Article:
REVIEW: “Doctor Who: The Eaters of Light” by Rona Munro

The Eaters of Light” wasn’t my favorite episode of Doctor Who’s tenth series – not by a long shot. But this novelization, written by the episode’s screenwriter, Rona Munro, takes an otherwise forgettable story and turns it into something that works relatively well. The Doctor, Bill, and Nardole arrive in second-century Scotland, trying to figure out what happened to the Roman Ninth Legion. Along the way, they uncover a small Scottish village under siege by a mysterious creature from another world. A creature that eats light. It’s up to the Doctor, Bill, Nardole, and the remnants of both the village and the Ninth Legion to stop this creature before it devours the universe as we know it.

Put simply, this novelization has all the same problems the original episode had. The pacing is weird, the monster woefully underdeveloped, and the plot almost an afterthought. But what the novel improves on is the story’s characters. In the original episode, Munro seemed most interested in exploring the story’s supporting characters – namely Kar and Lucius. And in this novelization, they really take center stage. In a way, they end up being the main characters here instead of the Doctor, Bill, and Nardole. And that’s honestly fairly refreshing.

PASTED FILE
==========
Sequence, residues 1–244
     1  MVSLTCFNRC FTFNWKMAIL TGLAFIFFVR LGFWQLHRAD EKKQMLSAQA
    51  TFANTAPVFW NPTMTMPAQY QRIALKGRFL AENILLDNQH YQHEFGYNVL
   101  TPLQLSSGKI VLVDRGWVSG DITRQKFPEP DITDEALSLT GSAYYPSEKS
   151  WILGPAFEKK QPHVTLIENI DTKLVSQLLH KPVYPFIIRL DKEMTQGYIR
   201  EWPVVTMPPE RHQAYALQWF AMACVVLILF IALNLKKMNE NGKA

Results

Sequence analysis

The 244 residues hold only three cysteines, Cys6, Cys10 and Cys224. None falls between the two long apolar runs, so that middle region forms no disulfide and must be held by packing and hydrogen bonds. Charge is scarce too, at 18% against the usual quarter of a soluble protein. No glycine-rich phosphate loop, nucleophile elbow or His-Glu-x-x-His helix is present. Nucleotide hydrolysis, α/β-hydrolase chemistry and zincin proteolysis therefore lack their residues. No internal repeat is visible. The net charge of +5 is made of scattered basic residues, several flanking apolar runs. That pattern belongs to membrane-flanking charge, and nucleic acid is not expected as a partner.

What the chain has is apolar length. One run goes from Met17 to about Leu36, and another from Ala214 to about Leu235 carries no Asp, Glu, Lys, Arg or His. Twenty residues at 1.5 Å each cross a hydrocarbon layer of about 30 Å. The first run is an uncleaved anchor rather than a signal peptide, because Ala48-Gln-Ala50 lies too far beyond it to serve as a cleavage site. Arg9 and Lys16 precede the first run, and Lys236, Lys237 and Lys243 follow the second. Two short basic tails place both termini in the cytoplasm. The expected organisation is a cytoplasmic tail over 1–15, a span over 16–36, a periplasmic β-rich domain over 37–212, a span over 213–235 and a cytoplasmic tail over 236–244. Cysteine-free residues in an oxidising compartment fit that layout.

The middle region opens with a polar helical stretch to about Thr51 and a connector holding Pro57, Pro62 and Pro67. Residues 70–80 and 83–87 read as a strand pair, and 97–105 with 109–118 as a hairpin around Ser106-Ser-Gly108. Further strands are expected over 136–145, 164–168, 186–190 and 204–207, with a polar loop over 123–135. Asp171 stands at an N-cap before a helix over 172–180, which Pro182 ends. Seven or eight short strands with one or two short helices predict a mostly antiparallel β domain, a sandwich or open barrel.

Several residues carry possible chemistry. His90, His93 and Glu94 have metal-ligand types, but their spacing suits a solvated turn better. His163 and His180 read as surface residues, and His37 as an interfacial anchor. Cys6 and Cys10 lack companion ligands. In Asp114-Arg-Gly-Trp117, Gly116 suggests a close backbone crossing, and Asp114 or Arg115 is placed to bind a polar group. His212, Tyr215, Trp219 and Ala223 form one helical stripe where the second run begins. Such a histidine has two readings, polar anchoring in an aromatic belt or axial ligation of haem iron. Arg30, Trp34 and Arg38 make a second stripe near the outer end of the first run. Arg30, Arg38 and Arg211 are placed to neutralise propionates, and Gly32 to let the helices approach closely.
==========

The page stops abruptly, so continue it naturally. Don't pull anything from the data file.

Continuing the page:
Munro spends a fair amount of the novel delving deep into Kar and Lucius’s background. What happened in the days, months, and years before the story’s beginning? How did they end up in this situation, the final survivors of a deadly war and an otherworldly creature? And while this backstory absolutely grinds the novel’s momentum to a halt, it’s also the most interesting element of the book, bringing a much-needed dosage of humanity to the proceedings.

Otherwise, this is a pretty standard novelization, hewing very closely to what happened on screen. Overall, I think the book comes much closer to working than the episode did. But it still ends up being a pretty standard Doctor Who story, one unlikely to be counted among anyone’s favorites. But the novel is an enjoyable read, fast-paced and packed with lovely character moments. It’s a story that translates well to prose, even if the story itself will never be particularly memorable. Put simply, I think Munro’s novelization is the superior way of experiencing this story. It’s not my favorite of the Target novelizations. But it’s an undeniably good one.

4 out of 5 wands.

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